Sometimes a game comes along and does so much right, but completely messes up one thing that it ruins the whole experience. That’s the best way I can describe Nitroplus Blasterz: Heroine’s Infinite Duel. It’s a fun, high-octane fighter, in the vein of Marvel vs. Capcom with an all-star female cast of beloved manga characters that’s already been in arcades for some time. But despite its brilliant concept, developer Examu takes an opportunity to build up a strong cast and instead turns everyone into a sex object. I’m not going to pretend I’m an authority on any of the properties for this crossover, but the blatant sexualisation of almost every character turned a fun, rewarding fighter, into an uncomfortable experience.
It’s really unfortunate, because the entire game is actually well made. The hand drawn inspired artwork with a soundtrack that can pump up a football team compliments the frantic, fast paced action on the screen. The game itself was clearly meant for tournament style play with a fight stick. Even the controls use “A” and “B” buttons for references (which took me a few seconds to catch on to when I started playing). But once I got going, it was hard to be disappointed in the gameplay. Everything is really fluid, and each fight’s over-the-top, combo filled chaos brought back memories of old Capcom and SNK arcade fighters of yesteryear. Much like those classic titles, there’s tons of variety with a huge cast of characters, but many of them only work in a supporting role. That’s fine though; the actual fighters you can choose from are diverse enough that you can find someone that fits your style perfectly. My personal favourite was Ouka. Her blitz style mixed with the perfect move set of ranged and close-quarters attacks made me feel like I was a threat at any given time.
That feeling of power dissipated at points during the campaign where the difficulty fluctuated between embarrassingly easy and “I’m sweating because I’m getting destroyed” hard. There was really no in between, and while I always got the better of the computer in the end, I never knew how each fight would go. There is a storyline, but it’s only barely noticeable, and was a flimsy attempt to string together fights. That’s not a bad thing; I highly doubt anyone is looking for some high-class storytelling with a game like this, so it really does its job.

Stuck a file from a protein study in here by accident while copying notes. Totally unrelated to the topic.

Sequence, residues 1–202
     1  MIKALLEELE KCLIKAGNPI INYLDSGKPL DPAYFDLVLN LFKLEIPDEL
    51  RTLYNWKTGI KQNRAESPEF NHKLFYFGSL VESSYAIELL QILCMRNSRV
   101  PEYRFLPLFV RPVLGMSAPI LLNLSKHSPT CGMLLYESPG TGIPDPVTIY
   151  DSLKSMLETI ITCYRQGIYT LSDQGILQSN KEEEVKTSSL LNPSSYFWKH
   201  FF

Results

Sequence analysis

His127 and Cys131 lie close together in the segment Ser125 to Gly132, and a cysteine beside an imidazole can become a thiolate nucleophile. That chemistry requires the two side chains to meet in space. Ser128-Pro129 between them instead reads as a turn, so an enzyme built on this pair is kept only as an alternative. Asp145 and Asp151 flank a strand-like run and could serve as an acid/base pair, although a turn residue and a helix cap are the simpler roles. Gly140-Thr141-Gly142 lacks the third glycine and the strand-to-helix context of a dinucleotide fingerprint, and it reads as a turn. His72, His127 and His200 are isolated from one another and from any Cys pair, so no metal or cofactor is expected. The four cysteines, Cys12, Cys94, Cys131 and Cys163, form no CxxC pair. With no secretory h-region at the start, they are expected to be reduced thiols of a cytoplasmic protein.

I had a lot of fun playing the game, but there was always a dark cloud looming over my experience. After many fights my child-like character won, she’d strip down to her underwear or show off some lingerie. Or, every time I scrolled through my main menu, the guide’s breasts would bounce like it’s a Dead or Alive game. I guess this is just indicative of a cultural divide between Eastern and Western game philosophy, but I don’t want to bring down an entire portion of the game industry with a blanket statement like that. However, there clearly is a genre archetype that feels outdated and needs to be re-evaluated. But it’s treatment like this that really hurts the public’s perception of our favourite pastime. And what’s worse, it also harms how manga is viewed as well, and it already has enough trouble gaining mainstream acceptance from western audiences.
It’s just a messy situation, and it hampered my overall enjoyment of an otherwise fine fighter. Which is a shame, because this score could be so much higher than it is. Unfortunately, it’s hard to overlook something so blatant that it made me too uncomfortable to play. It takes away from the sheer joy this game brings otherwise. But if you’re into fighters, it’s hard to say to not at least try this game. It’s been in arcades for a few months now, and it translates well onto home consoles. I just wish the characters were taken a little more seriously.